Escalation of violence between Israel and Palestine

Overview of Jenin refugee camp, occupied northern West Bank Overview of Jenin refugee camp, occupied northern West Bank © DZarzycka via iStock

Between deadly attacks, expulsions and segregation policies Israel is committing real war crimes and crimes against humanity

During the night of Monday, July 3, the Israeli army launched an attack on Jenin refugee camp in the northern occupied West Bank. Jenin is a focal point of the conflict in the occupied West Bank, having long become a symbol of the Palestinians' struggle against Israel's government and the effective seat of resistance. The residents of Jenin camp, to date some 24,000 people, are descendants of Palestinians dispossessed of their land and homes when the state of Israel was created in 1948. The Israeli military operation against the refugee camp was the largest since the mass Palestinian uprising of 2000-2005. There has been bombardment from the air and invasion from the ground, using drones and helicopter gunships, missiles and heavy weapons. The U.N. human rights chief immediately condemned Israel's use of these types of weapons as not in line with international human rights standards and protection and respect for the right to life. 

In addition to besieging the camp and attacking it both by air and from the ground, the Israeli army targeted people and infrastructure, cutting off electricity, telecommunications and water. Israeli forces fired inside homes, destroying property and injuring residents. Defenseless civilians, ambulances, health centers and even mosques were targeted. The raid was justified by Israel as a response to "terrorists" inhabiting the camp. A group from Jenin responded to the raid by Israeli forces with a firefight, resisting the large-scale attack that continued into the next morning. At least 12 people were killed, including four children, and 140 others were injured. Damaged homes, most of which are now uninhabitable, total 900. Despite international media reports showing the tragic human consequences of the Israeli assault on the Jenin refugee camp, Israeli officials persist in rhetoric that labels the camp a "terrorist center" and all actions taken against its inhabitants of all ages therefore justified.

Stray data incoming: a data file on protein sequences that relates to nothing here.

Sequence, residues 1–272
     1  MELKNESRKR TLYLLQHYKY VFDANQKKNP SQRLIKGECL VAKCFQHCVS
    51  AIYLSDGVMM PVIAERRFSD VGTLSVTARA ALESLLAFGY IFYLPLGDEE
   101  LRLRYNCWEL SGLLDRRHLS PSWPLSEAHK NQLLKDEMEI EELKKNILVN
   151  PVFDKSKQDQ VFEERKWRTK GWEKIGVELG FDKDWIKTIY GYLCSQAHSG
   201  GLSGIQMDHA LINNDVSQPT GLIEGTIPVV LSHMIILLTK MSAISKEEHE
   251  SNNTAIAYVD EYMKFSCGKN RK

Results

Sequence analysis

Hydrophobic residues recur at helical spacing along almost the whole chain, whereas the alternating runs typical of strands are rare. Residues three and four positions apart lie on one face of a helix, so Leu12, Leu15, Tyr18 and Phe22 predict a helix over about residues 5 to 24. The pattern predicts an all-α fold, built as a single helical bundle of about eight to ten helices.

A UN delegation consisting of several senior representatives of the international community visited the camp and witnessed the destruction and shocking damage of the Israeli incursion. UNRWA said its health center was damaged so badly that it could no longer be used and four of its schools suffered minor damage. "But more than the physical damage," said Leni Stenseth, UNRWA deputy commissioner-general, "I saw the trauma in the eyes of the camp residents who had witnessed the violence." The UN agency urged donors and partners to make funds immediately available for its humanitarian response in the camp.